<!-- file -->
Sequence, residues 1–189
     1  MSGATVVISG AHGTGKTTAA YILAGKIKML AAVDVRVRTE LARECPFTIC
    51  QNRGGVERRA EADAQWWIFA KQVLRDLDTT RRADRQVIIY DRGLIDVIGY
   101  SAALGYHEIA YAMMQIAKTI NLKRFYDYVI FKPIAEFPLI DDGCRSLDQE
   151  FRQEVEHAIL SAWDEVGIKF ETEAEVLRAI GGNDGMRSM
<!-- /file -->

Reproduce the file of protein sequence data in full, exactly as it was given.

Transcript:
Sequence, residues 1–189
     1  MSGATVVISG AHGTGKTTAA YILAGKIKML AAVDVRVRTE LARECPFTIC
    51  QNRGGVERRA EADAQWWIFA KQVLRDLDTT RRADRQVIIY DRGLIDVIGY
   101  SAALGYHEIA YAMMQIAKTI NLKRFYDYVI FKPIAEFPLI DDGCRSLDQE
   151  FRQEVEHAIL SAWDEVGIKF ETEAEVLRAI GGNDGMRSM